The dawn of a new year seems to have heralded a new strategy for covering the war by the Market Harborough Advertiser.
The paper looks and feels more business-like, more professional.
Even in the first edition of 1915 advertisers, who were using militaristic language to sell their wares in the run-up to Christmas, turn their backs on the insensitive approach.
And editorial is now far more focused on war news, using a mixture of stories from agencies and the army’s infamous Press Bureau as well as local reports from interviews of soldiers on leave or from letters to loved ones.
There are startling early insights into how the war would develop through the eyes of Private C Lee of Braybrooke who writes to his step-brother.
“We are in the middle of a big battle. Goodness knows how much longer it will last. It is an artillery duel and the guns are going unceasingly. The German shells are bad. One day I counted only six out of 22 which exploded.”
Ironically, it was not just the Germans who would have problems with shells. Just a few months later The Times and the Daily Mail were to attack War Secretary Lord Kitchener for not supplying the British Army with enough shells.
At the beginning of 1915 this was not apparent to Private Lee. He was more concerned with the use of British aircraft to undertake the scouting that had traditionally been done by cavalrymen.
“They are awful things, these aeroplanes. They just fly over our heads and give our positions away to the Germans. The minute we sight an aeroplane we expect a Jack Johnson, as we term their heaviest shell.
“We have got the habit of moving our position every time we see an aeroplane so that when a shell comes along it hits our old position.”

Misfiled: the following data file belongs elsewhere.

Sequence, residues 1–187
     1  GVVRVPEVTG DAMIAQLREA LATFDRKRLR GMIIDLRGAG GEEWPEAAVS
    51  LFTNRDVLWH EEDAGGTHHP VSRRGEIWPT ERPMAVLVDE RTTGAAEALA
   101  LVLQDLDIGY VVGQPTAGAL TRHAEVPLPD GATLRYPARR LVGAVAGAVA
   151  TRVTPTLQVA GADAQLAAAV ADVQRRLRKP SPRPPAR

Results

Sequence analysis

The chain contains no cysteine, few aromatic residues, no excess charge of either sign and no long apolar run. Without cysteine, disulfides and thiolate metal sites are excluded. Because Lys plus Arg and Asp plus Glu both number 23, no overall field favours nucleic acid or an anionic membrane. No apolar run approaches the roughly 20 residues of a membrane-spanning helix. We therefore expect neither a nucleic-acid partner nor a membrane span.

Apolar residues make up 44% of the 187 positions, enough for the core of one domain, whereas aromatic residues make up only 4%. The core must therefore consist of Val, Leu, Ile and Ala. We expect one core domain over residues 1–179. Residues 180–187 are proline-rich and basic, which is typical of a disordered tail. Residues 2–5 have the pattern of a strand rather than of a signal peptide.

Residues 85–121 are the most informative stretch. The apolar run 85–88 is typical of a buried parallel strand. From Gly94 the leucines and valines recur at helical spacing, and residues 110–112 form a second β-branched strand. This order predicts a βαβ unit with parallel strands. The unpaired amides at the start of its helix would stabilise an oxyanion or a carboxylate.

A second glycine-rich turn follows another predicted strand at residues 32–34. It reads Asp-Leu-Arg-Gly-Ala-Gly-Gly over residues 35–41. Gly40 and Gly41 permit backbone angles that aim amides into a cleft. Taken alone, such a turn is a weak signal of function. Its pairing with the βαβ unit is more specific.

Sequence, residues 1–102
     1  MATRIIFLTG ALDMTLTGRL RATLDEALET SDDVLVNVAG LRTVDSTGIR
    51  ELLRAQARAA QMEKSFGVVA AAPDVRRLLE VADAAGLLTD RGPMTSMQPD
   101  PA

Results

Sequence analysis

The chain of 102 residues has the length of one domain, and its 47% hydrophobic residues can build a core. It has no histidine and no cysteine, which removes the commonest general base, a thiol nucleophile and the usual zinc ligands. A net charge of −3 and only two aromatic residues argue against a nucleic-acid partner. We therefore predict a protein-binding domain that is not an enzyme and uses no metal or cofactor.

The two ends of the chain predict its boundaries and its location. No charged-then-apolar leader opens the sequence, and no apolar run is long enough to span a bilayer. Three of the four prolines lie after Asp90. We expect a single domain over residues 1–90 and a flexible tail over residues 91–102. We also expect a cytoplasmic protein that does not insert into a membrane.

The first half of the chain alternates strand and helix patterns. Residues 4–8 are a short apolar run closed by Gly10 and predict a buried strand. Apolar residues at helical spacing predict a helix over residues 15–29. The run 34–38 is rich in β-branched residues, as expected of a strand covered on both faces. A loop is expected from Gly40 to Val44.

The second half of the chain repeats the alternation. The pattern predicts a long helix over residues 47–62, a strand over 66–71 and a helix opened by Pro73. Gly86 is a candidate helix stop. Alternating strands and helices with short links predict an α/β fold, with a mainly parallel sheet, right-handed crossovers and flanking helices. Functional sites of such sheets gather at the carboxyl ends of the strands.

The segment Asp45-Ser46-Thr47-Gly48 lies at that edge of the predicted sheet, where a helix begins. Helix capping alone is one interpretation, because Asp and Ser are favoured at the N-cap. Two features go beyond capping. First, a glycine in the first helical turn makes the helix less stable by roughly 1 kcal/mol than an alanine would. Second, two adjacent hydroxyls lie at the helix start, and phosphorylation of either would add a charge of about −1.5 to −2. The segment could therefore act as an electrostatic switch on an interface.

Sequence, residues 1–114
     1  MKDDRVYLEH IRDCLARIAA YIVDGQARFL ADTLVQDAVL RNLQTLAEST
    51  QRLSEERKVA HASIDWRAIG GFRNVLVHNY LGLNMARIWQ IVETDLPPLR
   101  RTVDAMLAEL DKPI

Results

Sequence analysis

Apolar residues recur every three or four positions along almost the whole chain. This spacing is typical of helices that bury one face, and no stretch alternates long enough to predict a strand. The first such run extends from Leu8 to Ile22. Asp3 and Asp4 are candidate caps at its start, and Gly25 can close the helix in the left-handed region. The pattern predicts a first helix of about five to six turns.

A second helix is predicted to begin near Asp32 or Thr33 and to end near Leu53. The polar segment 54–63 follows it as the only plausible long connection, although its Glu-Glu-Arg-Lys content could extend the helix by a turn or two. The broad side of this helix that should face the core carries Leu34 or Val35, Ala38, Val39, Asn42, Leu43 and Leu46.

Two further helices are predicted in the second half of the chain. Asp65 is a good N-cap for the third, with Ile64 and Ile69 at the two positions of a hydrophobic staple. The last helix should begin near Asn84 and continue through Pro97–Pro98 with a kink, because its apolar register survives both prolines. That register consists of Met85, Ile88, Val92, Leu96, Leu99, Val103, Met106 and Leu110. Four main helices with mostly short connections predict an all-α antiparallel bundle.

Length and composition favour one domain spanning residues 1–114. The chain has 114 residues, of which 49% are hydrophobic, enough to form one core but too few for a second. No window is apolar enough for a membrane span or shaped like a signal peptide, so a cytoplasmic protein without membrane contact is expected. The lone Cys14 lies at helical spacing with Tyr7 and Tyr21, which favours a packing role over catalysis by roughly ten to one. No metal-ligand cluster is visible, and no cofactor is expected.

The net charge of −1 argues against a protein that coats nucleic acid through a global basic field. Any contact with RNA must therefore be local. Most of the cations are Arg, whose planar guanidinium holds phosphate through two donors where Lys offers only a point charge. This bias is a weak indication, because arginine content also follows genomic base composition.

There is also a face-to-face interview with Private Ernest Coles of Logan Street who was shot by a German sniper.
The bullet entered his left shoulder, coming out of his back, and re-entering his body, ultimately coming out of his right shoulder.
Private Coles has interesting views though on the Germans.
The report says the soldier ‘ridiculed the idea that the German Army are ‘mugs’, his experience being that they were a well trained Army. Their sharp-shooters were exceptionally good’.
However, he is quick to highlight the brutality of the enemy.
“In one instance a Frenchman called him into his house where his wife lay dying from bayonet wound inflicted by a Hun and in another French village just previously vacated by the Germans they found almost 30 old men and women, whose ages ranged from 60 to 80, who had been locked in there three days without food.”
- Check out this week’s Harborough Mail for current news from the Market Harborough area.
- My fellow researcher and De Montfort University colleague David Penman is conducting a similar real-time project with the Ashbourne Telegraph. Check out his Great War Reports.